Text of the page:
Bachelor/Bachelorette Party Invitation

If it's a small-ish gathering, you can organize everything over email and text message. If it's a larger group, invitations should be sent out two to three months in advance. "Be sure to include all details and what's expected of the guests," Cohen says.

Rehearsal Dinner Invitation

The family hosting the rehearsal dinner may want to handle the invitations themselves. Otherwise, the couple may choose invites to match and be included in the main wedding invitation suite. In this case, it should include the name of the family that's hosting, location information, and RSVP cards or an RSVP line.

Welcome Dinner Invitation

"If it's a more formal event that someone else is hosting, you can create a separate invitation card for this event," Cohen suggests. It can also be sent out with the invitation suite, included in the "weekend events" card. Be sure to properly credit the host and mention any attire expectations.

The Wedding Invitation

Outer Envelope

If you're going for a traditional invitation suite, it should always include an inner and outer envelope. The outer envelope should include the recipient's address on the front and postage stamps in the upper right-hand corner. "Be sure to double-check postage amounts before you mail them and request hand-canceling at the post office," Cohen recommends.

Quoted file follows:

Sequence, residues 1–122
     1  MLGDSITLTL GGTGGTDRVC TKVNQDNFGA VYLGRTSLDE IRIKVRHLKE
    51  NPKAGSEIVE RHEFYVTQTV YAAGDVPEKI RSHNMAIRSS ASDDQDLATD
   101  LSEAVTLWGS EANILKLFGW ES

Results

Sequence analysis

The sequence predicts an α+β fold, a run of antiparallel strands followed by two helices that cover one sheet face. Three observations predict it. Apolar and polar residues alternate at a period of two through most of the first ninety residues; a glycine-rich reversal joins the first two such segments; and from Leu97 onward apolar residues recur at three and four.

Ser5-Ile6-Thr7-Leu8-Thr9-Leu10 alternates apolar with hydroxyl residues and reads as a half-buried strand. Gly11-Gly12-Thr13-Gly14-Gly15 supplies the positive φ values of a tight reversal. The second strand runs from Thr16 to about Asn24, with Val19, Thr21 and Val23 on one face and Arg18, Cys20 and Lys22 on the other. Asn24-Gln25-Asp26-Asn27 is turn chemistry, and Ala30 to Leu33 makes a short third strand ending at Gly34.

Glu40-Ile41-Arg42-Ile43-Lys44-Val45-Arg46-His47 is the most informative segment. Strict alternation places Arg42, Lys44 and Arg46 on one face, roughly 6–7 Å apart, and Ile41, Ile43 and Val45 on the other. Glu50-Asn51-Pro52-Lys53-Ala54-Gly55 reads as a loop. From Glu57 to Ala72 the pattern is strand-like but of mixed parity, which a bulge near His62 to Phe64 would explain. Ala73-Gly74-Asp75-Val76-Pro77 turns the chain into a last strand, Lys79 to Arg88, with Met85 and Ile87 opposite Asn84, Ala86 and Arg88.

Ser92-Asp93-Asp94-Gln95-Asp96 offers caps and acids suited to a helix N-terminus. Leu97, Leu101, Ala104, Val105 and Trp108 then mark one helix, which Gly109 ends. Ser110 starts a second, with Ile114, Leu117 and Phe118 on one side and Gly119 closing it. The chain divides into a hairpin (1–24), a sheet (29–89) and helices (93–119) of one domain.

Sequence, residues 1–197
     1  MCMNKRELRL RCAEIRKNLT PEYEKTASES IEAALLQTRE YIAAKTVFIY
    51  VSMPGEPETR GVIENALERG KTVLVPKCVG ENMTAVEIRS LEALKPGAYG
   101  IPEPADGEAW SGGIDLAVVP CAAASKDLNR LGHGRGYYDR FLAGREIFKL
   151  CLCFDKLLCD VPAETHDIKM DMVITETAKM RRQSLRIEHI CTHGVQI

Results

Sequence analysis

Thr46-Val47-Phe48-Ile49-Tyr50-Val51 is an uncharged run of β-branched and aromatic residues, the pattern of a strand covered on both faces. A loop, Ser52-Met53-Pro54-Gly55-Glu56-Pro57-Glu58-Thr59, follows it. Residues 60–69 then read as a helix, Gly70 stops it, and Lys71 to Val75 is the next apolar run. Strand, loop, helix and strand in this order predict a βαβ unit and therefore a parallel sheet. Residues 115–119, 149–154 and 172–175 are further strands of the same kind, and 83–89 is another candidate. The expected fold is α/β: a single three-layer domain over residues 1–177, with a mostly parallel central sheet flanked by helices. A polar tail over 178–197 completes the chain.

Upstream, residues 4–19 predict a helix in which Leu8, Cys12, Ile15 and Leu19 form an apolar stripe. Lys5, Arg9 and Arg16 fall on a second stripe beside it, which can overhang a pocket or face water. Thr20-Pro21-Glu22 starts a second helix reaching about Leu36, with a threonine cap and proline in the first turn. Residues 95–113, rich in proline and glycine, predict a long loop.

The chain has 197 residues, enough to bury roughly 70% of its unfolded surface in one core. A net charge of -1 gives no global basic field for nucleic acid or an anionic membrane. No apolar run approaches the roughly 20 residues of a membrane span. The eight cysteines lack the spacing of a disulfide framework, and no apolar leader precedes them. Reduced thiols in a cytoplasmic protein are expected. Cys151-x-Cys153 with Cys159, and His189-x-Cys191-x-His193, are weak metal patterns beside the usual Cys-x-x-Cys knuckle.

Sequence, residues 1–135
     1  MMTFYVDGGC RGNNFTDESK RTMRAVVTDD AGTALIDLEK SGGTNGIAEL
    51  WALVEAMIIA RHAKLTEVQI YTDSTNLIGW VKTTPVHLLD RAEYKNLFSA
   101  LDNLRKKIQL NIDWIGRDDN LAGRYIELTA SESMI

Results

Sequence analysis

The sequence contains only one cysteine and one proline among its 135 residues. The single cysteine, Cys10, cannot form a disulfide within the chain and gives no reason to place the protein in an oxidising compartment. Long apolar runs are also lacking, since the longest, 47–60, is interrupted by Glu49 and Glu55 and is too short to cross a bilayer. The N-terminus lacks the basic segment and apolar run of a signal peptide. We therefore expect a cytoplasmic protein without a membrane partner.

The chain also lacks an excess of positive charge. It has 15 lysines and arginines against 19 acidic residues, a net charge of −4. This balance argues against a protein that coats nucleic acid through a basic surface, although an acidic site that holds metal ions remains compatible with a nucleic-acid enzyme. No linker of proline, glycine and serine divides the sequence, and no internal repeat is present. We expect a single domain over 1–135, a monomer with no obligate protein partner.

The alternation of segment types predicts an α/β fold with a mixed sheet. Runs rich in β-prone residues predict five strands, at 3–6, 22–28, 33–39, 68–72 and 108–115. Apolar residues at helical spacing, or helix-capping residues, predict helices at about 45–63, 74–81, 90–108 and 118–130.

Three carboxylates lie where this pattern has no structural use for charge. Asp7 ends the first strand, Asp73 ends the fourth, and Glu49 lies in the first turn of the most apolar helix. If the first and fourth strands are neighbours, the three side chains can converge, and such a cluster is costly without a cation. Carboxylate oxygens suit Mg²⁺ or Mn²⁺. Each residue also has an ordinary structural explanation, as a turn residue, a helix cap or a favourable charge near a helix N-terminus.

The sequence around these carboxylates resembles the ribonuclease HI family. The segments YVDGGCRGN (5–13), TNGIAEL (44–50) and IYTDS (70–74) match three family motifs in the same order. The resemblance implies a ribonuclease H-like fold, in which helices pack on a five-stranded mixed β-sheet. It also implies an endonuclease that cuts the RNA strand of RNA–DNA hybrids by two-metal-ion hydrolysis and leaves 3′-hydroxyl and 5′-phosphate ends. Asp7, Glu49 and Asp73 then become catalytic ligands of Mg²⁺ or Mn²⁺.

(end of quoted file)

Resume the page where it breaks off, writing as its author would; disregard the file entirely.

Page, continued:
Inner Envelope

The inner envelope should include the title and last name of the invitees. "While the inner envelope is not mandatory for less traditional suites, you may want to consider it if you want your guests to receive a pristine envelope (expect wear and tear to the outer envelope) or if you have a special envelope liner (the liner goes on the inner unsealed envelope, so there's no tearing it open)," Cohen says.

Invitation suite with belly band

Photo by Kyle John

Belly Band

This is an optional add-on and can be made of paper, fabric, or ribbon. It wraps around the invitation suite to hold it all together.

Invitation Card

The invitation card should be the largest and most substantial card in the invitation suite, Cohen suggests. The first line should include who's hosting the wedding, who's getting married, the date, the time, the name of the venue, and the city and state. "If your reception is happening at the same place, include something like 'dinner and dancing to follow' and also include the attire," Cohen says.

Reception Card

If your reception will be at a different venue than the ceremony, the invitation should include a reception card. It should state the name and address of the venue and can also include the time if it's not being held immediately after the ceremony.

Directions/Map Card

Cohen notes that modern-day wedding websites (and Google Maps) have largely replaced directions and map cards. But they haven't become completely obsolete and can act as a fun and functional add-on, especially if an event is at a venue that's hard to find.

Response card flat lay with other wedding invitation elements

Photo by Lauren Fair; Event Planning by Weddings Nosara; Event Design by Fête Urbane; Stationery by Barely Blush Ink

Response Card and Self-Addressed Stamped Envelope